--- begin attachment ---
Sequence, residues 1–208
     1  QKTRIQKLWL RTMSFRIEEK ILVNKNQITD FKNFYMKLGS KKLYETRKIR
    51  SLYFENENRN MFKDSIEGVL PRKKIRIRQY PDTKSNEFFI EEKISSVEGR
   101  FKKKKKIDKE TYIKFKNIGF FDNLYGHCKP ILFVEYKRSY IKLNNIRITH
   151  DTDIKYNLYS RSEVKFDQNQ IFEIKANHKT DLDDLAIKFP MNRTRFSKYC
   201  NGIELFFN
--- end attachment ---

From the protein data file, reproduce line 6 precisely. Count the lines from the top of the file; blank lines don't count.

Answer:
   201  NGIELFFN